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December 04, 2008 - Image 12

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The Michigan Daily, 2008-12-04

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4B - Thursday, December 4, 2008

The Michigan Daily - michigandaily.com

Misguided memories

Recent Holocaust films pay
tribute, but not necessarily
in the right ways
By SHERI JANKELOVITZ
Daily Arts Writer
In a recent article called "Never Forget.
You're Reminded," New York Times writer
A.O. Scott wrote of the sudden influx of Holo-
caust films in Hollywood, He claimed these
films were only made to be awards fodder,
rather than pay tribute to the Holocaust itself.
This is an issue I have long had a problem with
myself.
I am the grandchild of Holocaust survivors.
I always believed that because of this, I've
grown up with a far greater awareness of this
historical atrocitythan most other children my
age and a deeper sensitivity to the subject.
Within the next month, three Holocaust-
themed movies are being released: "The Boy
in the Striped Pajamas," "Defiance" and "The
Reader." This seems awfully coincidental,
especially considering it's so close to award
season.
The Holocaust is one of those "serious" sub-
jects that filmmakers attempt to grapple with
in order to gain accolades from their peers.
It may seem blunt to say so, but it's true. But,
isn't gaining Academy Award recognition for
the Holocaust on the same plane as someone
portraying a mentally handicapped person for
the same reason? It seems exploitative to gain
prestige off of someone else's tragedy.
This is not to suggest that films about the
Holocaust are an abhorrence, or shouldn't be
made. After all, as the generation of Holocaust
survivors slowly begins to pass away, there
is that lingering question of how the. stories
of these survivors will be remembered after
they're gone. Film is certainly an excellent
medium to keep the stories alive, but there's a
right and a wrong way to do it.
First, the right way: "Schindler's List." This
film manages to be gripping, tragic and infor-
mative without veering off into actual false-
ness. The film's greatest strength is its brutal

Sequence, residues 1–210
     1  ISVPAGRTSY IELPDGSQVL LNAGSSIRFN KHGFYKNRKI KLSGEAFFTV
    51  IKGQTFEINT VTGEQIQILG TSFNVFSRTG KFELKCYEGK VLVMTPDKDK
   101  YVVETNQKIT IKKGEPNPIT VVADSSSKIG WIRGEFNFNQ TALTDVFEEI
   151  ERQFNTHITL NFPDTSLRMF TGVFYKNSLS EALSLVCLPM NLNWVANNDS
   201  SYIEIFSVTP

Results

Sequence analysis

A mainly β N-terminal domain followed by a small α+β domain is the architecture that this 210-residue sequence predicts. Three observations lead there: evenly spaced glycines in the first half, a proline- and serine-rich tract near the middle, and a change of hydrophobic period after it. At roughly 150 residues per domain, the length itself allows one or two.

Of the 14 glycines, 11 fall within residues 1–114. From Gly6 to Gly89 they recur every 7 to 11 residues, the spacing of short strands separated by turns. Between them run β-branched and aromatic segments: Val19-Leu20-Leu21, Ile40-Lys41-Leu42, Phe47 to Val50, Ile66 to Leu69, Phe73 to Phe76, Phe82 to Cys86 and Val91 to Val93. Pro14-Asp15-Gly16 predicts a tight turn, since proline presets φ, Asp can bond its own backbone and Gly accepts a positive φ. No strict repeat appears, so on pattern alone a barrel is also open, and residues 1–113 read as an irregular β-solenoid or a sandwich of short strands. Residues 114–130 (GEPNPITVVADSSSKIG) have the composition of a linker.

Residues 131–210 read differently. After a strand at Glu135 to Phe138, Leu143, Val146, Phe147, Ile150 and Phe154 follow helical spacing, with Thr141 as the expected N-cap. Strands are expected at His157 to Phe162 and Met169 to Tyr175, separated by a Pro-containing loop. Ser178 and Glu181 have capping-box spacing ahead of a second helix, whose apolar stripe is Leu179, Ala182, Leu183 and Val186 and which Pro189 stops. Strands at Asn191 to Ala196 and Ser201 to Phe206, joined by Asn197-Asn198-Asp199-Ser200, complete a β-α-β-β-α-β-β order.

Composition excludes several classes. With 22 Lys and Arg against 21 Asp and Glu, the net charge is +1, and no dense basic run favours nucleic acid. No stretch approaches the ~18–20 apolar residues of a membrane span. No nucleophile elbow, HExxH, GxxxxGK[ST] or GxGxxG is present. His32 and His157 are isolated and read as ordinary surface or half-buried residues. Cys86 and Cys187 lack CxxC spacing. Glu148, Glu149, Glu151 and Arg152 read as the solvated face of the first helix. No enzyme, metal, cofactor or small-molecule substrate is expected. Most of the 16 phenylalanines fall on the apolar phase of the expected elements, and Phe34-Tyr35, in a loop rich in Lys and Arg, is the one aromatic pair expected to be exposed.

honesty and unwillingness to portray the
Holocaust as either an action-adventure tale or
one full of schmaltz. Therefore, it's more than
just a "Holocaust movie." It's a harrowing,
emotional tale of the brutalities of humanity,
made all the more horrifying because the story
is true. Unfortunately, many other filmmakers
haven't learned how to approach this subject in

HOLIDAY GIFT GUIDE
From Page 1B
"FROST/NIXON: THE ORIGINAL WATERGATE INTERVIEWS"
Shaman Dram Bookshop, $14
Thinking about seeing Ron Howard's "Frost/Nixon" in the next
month? Well, that's fine. But why take a risk on a phony Hollywood
adaptation when you could watch the real thing? Anderson Cooper?
Larry King? Forget about it. David Frost was an artist. A hard, pushy
and brilliant telejournalist, Frost never settled for the easy questions.
Perhaps the most notorious, but seemingly unknown dialogue of the last
century, the interview deserves epic treatment. On Dec. 2, Liberation
Entertainment will release the first part in a series of DVDs showing
the real interview. A greatest hits set with over 28 hours of footage, this
is easily more stimulating than that "Mamma Mia!" special edition you
were eyeballing.
"MYSTERY SCIENCE THEATER 3000:
20TH ANNIVERSARY EDITION"
Borders, $46.79
"Mystery Science Theater 3000" - the funniest show in TV history after
"The Simpsons" - would make a greatgift any time of the year, and this
20th anniversary box dropped right on time for the holiday season. It's
a bit pricey, but it's worth it just to hear those riotous one-liners again as
Mike Nelson, Joel Hodgson and their robot pals make wisecracks over
four of the worst movies ever made. Especially hilarious in this set are